Roberta leaves, but not without a memento - her daddy's assault rifle. And then she calls her mom back.

    This is clearly setting up the next storyline, which is clearly going to play off of the first storyline, not that the last one didn't. Does that make sense? What matters here is that we now know who Earl was talking to on the phone in the early issues of the series - his daughter Roberta. We don't know anything about her mother yet, aside from the fact that she was none too keen on Earl, but it would seem that the apple hasn't fallen too far from the tree. Roberta is her daddy's girl in more ways than one, and now that she's back in Alabama, there are some loose ends that need to be tied up. And not just the issue of the lawnmower. Aaron's script does a fine job of formally introducing us to this new character who quite obviously will play a large role in things to come, giving us some interesting background details on her and showing, in no uncertain terms, how she deals with thing. They 'why' is yet to come but we'll get there. Big things are afoot.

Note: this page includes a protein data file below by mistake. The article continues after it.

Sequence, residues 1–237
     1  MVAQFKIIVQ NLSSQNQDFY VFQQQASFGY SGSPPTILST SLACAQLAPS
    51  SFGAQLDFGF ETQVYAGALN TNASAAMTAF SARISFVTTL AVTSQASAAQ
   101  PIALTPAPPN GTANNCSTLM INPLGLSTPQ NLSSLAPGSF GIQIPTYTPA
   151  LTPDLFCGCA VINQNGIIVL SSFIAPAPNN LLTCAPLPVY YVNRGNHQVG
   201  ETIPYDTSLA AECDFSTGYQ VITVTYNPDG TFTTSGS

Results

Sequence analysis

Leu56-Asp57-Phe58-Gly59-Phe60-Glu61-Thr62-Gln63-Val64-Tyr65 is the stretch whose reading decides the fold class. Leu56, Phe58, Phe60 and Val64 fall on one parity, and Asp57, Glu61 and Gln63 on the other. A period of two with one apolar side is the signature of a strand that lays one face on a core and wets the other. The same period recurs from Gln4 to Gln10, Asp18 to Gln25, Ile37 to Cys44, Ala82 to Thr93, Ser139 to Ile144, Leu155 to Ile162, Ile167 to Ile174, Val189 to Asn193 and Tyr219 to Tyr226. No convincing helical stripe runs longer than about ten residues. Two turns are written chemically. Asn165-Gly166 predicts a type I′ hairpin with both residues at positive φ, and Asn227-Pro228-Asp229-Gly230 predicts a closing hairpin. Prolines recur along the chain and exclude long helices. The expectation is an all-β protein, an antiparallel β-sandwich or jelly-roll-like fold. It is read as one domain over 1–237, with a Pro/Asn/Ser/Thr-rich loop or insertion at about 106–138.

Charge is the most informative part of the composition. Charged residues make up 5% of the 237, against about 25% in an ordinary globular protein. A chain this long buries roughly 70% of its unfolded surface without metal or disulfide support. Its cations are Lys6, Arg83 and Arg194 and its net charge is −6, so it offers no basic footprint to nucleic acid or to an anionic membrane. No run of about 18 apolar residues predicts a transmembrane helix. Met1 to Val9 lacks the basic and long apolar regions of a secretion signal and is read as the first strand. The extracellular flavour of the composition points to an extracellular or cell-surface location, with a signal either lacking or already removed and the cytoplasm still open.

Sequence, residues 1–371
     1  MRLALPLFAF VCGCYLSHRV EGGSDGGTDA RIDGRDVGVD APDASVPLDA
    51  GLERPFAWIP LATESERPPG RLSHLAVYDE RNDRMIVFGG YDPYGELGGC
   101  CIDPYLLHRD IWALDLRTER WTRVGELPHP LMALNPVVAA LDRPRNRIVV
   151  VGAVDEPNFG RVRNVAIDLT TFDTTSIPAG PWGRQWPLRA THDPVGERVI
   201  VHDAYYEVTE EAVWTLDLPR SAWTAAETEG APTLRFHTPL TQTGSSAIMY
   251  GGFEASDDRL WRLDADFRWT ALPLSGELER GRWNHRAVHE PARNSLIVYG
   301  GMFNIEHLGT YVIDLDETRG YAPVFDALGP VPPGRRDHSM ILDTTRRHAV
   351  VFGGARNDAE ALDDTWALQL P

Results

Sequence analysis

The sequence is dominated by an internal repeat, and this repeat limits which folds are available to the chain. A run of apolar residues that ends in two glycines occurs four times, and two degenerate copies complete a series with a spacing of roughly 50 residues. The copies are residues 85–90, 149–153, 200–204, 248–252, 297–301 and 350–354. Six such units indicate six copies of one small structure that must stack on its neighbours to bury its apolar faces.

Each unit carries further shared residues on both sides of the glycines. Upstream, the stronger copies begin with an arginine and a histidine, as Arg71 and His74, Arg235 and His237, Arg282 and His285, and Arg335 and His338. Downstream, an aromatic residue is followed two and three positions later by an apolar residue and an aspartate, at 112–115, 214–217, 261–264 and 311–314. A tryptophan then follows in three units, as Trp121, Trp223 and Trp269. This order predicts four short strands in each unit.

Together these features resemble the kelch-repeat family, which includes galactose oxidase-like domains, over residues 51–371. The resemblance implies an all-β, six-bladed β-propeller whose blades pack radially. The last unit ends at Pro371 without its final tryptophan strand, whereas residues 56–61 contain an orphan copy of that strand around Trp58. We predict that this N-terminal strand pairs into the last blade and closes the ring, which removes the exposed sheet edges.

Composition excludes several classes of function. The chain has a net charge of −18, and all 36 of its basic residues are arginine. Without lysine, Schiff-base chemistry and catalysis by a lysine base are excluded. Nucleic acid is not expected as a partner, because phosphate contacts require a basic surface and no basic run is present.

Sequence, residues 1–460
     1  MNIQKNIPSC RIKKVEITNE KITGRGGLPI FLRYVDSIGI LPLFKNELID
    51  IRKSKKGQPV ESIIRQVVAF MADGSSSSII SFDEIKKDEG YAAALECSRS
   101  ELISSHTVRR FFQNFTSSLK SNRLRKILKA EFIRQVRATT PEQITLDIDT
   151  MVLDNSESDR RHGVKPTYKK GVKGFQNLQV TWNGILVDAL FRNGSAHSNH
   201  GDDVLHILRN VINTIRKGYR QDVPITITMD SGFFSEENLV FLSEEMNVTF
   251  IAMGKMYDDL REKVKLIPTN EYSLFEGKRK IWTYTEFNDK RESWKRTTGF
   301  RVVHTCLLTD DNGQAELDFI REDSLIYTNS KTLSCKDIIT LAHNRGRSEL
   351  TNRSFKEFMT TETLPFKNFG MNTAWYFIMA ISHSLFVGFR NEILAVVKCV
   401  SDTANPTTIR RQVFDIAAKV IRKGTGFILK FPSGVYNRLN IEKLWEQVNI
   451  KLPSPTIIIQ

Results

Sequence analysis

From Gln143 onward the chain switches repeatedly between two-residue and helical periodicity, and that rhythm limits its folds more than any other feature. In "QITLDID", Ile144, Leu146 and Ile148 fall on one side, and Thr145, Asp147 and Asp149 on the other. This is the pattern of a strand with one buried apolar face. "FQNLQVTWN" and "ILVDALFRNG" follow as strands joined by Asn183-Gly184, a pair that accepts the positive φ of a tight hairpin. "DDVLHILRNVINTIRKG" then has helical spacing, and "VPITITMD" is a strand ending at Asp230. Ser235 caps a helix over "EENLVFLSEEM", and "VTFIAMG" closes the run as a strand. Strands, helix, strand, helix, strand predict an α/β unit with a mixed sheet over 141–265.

Latour's artwork? No one else should ever draw this series although - credit where credit is due - Chris Brunner does a great job filling in for issue twelve. Brunner's more cartoony style works just fine in those pages, but this is Latour's book and his style really has become instantly identifiable with the series as a whole. Seeing Earl again was pretty cool, and even if this book is only a couple of years old there was a welcome familiarity to seeing that cranky old man's face pop up in this issue courtesy of Latour's style. It just works. It jives beautifully with Aaron's writing and together these guys just nail it - the atmosphere, the tension, the underlying social problems of the location where it plays out, and the nastiness that is inherent in a certain segment of its populace.

    In addition to collecting the five issues that make up this run, we also get a cover gallery (collecting the regular and variant covers), an essay on the use of the Confederate Flag from Jason Latour and a sketchbook section containing pieces from both Latour and Brunner with contributions from Tonci Zonjic and Daniel Warren Johnson. This is another very fine collection for an equally excellent series.